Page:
When new employees come on board, it can take them some time to get their bearings. On the technical side, 70% of software developers estimated that it would take a month or longer to get up to speed (source).
While employees often have a set structure to follow that walks them through new tools and technologies, they may miss out on a lot of the context that their peers could bring to the table. But it can be difficult to get access to those insights without interrupting team members and killing their productivity.
In order to build a strong company culture from day one, organizations need to find ways to improve the employee onboarding experience, giving new employees a richer experience with access to peer knowledge that helps them get up to speed faster. This helps them become more engaged in the company as a whole, and enables them to make valuable contributions to the organization faster.
Stack Overflow for Teams is an ideal solution to streamline employee onboarding.
It brings the best features of of the well-known Stack Overflow developer & technologist platform with features tailored the enterprise
- Knowledge captured in bite-size elements as well as long form content
- Knowledge shared and discovered through simple and intuitive content organization structure, proactive alerts, and transparent information for all employees
- Content health is maintained by many instead of one and system is gamified to encourage enrichment
- Effortless async collaboration happens between peers and across teams
- Distraction reducing integrations with ChatOps, Jira, and GitHub integrations
- Inclusive platform where everyone can contribute and benefit from day 1
- Knowledge is reused - providing instant scale, value & ROI
Companies need this because shared knowledge and context is the only scalable way to improve technical skills, problem-solving abilities, and communication across entire teams and companies.
Only Stack Overflow for Teams is able to bring all these together in a single platform to streamline and provide value to the employee onboarding experience.
This article will showcase how to use Stack Overflow for Teams for a richer onboarding experience.
Provide a detailed onboarding checklist
When new hires first come on board, build a checklist of tools and documents that they’ll need to help them hit the ground running. This might include:
- A shared folder or drive
- Team sync meeting details
- Chat tools, including channel-based, 1:1-based, and meeting-based
- CRM, sales, and ordering/billing systems
- Work documents including spreadsheets, slides, and text documents
- Meeting platforms
- External research platforms
- Project management platforms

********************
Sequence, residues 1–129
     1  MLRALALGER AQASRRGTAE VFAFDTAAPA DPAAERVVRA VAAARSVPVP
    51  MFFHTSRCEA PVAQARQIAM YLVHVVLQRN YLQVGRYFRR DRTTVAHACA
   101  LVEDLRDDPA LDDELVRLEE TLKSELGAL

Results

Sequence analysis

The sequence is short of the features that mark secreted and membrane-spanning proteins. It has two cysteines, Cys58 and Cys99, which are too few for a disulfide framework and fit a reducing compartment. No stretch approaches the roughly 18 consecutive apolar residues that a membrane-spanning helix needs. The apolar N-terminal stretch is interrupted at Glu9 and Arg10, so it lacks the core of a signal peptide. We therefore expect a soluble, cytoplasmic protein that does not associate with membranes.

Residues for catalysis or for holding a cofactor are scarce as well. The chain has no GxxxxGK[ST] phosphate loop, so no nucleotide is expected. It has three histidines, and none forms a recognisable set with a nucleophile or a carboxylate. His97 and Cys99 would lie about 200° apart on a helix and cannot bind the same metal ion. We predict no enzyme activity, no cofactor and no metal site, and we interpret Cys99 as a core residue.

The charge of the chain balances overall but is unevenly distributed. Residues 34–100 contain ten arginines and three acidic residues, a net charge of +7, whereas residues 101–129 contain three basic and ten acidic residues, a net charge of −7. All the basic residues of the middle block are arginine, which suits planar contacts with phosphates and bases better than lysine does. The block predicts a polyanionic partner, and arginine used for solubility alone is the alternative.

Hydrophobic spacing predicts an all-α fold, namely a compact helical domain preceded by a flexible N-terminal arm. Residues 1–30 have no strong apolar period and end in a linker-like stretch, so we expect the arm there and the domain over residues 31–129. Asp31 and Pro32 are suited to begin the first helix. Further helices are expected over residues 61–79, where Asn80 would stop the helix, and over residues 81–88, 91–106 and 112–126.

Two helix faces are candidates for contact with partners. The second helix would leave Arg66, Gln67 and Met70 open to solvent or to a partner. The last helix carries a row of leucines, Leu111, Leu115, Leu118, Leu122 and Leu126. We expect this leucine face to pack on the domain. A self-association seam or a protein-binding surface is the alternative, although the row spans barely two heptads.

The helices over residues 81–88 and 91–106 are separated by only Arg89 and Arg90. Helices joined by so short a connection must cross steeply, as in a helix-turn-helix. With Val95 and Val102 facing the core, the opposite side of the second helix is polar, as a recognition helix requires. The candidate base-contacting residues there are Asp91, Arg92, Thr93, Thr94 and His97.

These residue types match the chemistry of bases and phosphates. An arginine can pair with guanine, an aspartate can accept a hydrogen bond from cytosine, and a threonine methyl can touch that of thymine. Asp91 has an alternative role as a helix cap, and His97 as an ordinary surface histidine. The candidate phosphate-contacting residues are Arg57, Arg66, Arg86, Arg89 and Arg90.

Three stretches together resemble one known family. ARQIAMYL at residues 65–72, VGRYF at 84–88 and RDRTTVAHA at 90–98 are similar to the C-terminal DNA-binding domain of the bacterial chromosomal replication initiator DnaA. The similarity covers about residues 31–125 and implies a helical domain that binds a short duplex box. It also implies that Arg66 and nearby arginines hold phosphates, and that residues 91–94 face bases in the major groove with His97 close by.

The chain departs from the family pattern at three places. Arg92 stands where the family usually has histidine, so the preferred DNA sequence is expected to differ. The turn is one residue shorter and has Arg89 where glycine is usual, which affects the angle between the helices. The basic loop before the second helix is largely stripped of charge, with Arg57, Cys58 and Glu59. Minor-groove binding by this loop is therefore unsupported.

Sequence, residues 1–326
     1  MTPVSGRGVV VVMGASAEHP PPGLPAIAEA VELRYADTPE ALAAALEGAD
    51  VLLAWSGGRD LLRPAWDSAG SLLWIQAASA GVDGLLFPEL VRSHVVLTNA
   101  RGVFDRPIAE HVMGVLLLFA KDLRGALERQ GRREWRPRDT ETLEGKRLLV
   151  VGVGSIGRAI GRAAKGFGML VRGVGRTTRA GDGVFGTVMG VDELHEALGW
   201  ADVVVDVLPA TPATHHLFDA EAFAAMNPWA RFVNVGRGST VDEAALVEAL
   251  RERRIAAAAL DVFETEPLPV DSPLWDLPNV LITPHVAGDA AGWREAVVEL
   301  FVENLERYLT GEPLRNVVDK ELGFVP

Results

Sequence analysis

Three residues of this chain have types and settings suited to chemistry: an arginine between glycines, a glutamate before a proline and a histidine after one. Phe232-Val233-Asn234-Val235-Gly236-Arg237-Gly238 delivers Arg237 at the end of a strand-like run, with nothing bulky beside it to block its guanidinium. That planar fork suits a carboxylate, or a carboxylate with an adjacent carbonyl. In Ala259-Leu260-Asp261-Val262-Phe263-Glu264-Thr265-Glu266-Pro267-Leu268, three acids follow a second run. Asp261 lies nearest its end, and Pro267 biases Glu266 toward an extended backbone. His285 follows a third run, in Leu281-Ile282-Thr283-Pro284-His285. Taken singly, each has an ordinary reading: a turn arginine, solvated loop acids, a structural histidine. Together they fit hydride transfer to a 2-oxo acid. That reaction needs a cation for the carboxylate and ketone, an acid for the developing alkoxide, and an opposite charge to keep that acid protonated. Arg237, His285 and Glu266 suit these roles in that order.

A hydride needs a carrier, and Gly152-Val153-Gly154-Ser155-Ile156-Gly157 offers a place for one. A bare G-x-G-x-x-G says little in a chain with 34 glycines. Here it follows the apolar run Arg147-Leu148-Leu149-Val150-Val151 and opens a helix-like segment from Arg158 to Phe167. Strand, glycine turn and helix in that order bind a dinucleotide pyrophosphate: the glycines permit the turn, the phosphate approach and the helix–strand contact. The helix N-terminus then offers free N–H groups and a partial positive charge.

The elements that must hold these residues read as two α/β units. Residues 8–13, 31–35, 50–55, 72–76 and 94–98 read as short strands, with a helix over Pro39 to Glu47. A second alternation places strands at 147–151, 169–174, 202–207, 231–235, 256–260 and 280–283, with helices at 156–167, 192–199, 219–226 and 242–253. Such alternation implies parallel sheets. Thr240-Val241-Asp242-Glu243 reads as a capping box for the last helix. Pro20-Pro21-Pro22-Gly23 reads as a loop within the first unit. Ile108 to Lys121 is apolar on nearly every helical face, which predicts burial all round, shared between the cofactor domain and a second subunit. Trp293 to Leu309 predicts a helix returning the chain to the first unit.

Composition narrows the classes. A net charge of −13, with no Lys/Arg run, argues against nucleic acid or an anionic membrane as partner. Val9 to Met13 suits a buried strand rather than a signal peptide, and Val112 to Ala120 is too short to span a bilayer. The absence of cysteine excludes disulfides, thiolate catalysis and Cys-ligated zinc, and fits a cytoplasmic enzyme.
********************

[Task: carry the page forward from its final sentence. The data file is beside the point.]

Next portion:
- Reporting systems
- Customer support/help center
- Training system
- Email aliases
However, employees are likely to have a lot of questions about everything you’ve provided to them. That’s where Stack Overflow for Teams serves as an invaluable resource: you can set it up to enable faster onboarding, by making it the place where questions that other employees have had about the onboarding process and getting familiar with your work tools and technologies have already been answered. Answers are provided by peers, with the best and most valuable responses floating to the top for easy reference. Questions and other long form content relevant to onboarding can all be grouped in an onboarding Collection, so that they are easy to access in the same place.
New employees can browse the platform, and search the archives by keyword or tag for other topics they want to learn more about. In the event that their question hasn’t been answered, they can post it and solicit responses from team members, tagging relevant teams or technologies to ensure the right folks see it. The content might include questions about how to connect to the VPN, where to commit code, how to access the issue tracking system, and where to ask for support, among others.
In the past, an employee might have sent a Slack message to a coworker with these types of questions, interrupting their workflow—or worse, they might have felt bad about interrupting a coworker, and decided not to ask the question at all, spending hours trying to work out a solution on their own.
By consolidating all sorts of onboarding questions in a centralized knowledge hub, they can easily browse through existing knowledge to find the answers to their questions. And if they can’t find the answers, their coworkers can respond on their own timeframes, avoiding real-time interruptions that can kill productivity.
Consolidate important technical specs in one place
Beyond issues around onboarding logistics, your new team members will want to have the chance to get a deep dive into your technology stack and code base.
In this case, you can use Stack Overflow for Teams to group your technical specs and documentation together into Collections, based on topic or action.
These collections of long form content in form of Articles and bite-size content in the form of Q&As can provide important context on your code base and how your development strategy has changed over time. By providing crucial perspective on not just how things are done, but why things are done the way they are, your new developers will be engaged with the process and not cut corners.
With comment threads in which peers can ask questions, add more context, and collaborate asynchronously, your new developers will be able to see crucial insights at a glance, with additional notes available for added context.
Get key hires to provide answers in advance of an extended absence or job departure
If a subject-matter expert takes time off or leaves unexpectedly, it can make the onboarding process much more difficult for someone joining the team they would have led. When knowledge lives only in someone’s head, it leaves the rest of the team—especially new recruits—lost and looking everywhere for answers.
An unexpected absence or departure from a critical team member can set the rest of the team back for months. Particularly in the current environment, when illness or caretaking responsibilities due to COVID-19 may sideline a key employee without warning, it’s more important than ever to ensure all knowledge is well-documented.